“In the villages we get up early. Old timers used to say, ‘Nos levantamos con las gallinas.’ We get up with the chickens,” the author writes. Residents and ex-residents of northwestern New Mexico will probably recognize, or even share, many of the names of those who settled the small town of San Mateo. In this, his second book, native-son Peña enriches and deepens the story of a band of pioneers who, in 1800, undertook the trek from the settlement of Albuquerque across wild country to occupy a land grant in what was essentially Indian country.
With the help of the U.S. Army, the area designated as the “Merced de Cevolleta” was settled by its thirty grantees, and just about the time Seboyeta was becoming a center of growth, a few families, attracted by vast grasslands on the side of Mount Taylor, gradually developed both sheep and cattle ranches. This later exodus collected settlers from the new area to form the village of San Mateo, the origin of most of the tales in the new book.
There’s no quicker way into the heart of a culture than to hear it retold in the voice of someone who’s been steeped in it since childhood, and former rancher and foreign service officer Peña has just that voice. Inserted throughout the book, stacks of photos back up his story to illustrate not only the life and times of the author, but chronicle a way of life and the changing environment that supports it.
Any story that follows the development of a new community, from its first straggling pilgrims, through the establishment of schools, local government, and plans for work and recreation, is going to have its sorrows, its minor and major tragedies, and its petty squabbles, but on the whole this is a jolly book, and among its jolliest parts are the many “dichos” (pithy statements in traditional language, often rhymed) bandied about daily by the population and often quoted in the local news, a custom with Hispanic roots that creates laughter with a touch of wisdom and often a heavy dose of sarcasm.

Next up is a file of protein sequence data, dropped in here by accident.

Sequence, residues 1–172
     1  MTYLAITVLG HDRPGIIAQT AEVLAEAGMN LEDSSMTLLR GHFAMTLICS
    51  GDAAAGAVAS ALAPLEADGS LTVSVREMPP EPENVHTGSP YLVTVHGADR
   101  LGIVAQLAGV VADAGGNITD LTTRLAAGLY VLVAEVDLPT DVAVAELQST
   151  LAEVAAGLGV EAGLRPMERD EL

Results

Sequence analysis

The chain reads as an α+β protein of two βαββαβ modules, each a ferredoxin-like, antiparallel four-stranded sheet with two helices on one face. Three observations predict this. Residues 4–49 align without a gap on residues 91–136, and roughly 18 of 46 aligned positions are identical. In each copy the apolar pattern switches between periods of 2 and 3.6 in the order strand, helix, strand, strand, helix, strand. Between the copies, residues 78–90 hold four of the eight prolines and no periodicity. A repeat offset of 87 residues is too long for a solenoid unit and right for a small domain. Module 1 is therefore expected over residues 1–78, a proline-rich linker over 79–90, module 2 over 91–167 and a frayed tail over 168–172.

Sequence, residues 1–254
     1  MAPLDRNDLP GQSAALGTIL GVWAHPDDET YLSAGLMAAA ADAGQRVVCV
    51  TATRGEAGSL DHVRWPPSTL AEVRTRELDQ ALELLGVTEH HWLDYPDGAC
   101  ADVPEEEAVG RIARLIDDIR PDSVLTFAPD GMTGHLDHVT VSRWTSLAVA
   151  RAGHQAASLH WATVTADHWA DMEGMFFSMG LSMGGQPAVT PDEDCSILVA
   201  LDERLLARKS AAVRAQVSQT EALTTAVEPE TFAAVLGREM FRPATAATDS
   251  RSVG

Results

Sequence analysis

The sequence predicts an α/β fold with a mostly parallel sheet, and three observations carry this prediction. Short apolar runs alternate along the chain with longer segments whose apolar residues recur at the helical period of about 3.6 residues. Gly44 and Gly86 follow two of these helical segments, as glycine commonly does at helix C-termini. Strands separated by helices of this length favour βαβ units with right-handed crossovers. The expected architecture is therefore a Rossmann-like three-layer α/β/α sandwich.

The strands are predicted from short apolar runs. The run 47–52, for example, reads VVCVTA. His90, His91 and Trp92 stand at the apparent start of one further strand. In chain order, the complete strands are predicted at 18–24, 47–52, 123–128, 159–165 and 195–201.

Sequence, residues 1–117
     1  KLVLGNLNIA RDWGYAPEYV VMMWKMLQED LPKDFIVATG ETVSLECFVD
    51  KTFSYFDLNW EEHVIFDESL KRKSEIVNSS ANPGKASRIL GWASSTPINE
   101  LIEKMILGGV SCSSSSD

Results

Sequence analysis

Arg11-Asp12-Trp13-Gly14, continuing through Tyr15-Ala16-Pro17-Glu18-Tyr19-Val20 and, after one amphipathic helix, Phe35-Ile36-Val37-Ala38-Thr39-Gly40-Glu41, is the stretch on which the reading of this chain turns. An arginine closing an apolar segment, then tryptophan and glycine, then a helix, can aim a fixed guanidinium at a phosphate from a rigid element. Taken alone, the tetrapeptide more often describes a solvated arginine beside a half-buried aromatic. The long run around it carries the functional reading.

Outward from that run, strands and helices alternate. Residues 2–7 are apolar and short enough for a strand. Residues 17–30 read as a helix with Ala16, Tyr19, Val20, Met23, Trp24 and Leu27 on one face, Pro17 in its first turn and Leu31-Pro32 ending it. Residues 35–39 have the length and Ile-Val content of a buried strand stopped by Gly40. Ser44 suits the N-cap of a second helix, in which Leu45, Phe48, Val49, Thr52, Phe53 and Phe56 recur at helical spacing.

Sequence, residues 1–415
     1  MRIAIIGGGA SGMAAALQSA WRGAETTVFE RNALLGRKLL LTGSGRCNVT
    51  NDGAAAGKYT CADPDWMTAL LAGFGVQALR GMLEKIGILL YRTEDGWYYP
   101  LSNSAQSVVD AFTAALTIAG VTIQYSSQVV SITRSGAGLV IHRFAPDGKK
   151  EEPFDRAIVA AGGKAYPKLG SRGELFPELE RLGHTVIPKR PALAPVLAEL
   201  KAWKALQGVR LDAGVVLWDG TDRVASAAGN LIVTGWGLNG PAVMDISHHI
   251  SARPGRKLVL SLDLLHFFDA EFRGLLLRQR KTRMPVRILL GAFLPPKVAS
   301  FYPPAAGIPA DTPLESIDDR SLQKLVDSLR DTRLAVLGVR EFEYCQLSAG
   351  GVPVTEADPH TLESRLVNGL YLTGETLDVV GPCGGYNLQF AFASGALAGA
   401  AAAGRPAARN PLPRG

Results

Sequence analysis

Early in the book there’s a chapter devoted to local usage, which sets a tone that pervades daily life, family values, and a community level that combines respect for everyone and a humorous approach to the fallibility of personal endeavor. “No hay atajo sin trabajo (There’s no herd without sweat)” warns that ranching doesn’t just happen, and that “de los dos no se hace uno” (referring to the fact that two incompetents don’t add up to one good worker).” These “dichos” are part of daily life wherever Spanish is spoken, with a history that extends back beyond Ferdinand and Isabella and will no doubt carry forward a love of life and language to the last Hispanic community on the last frontier in the world.
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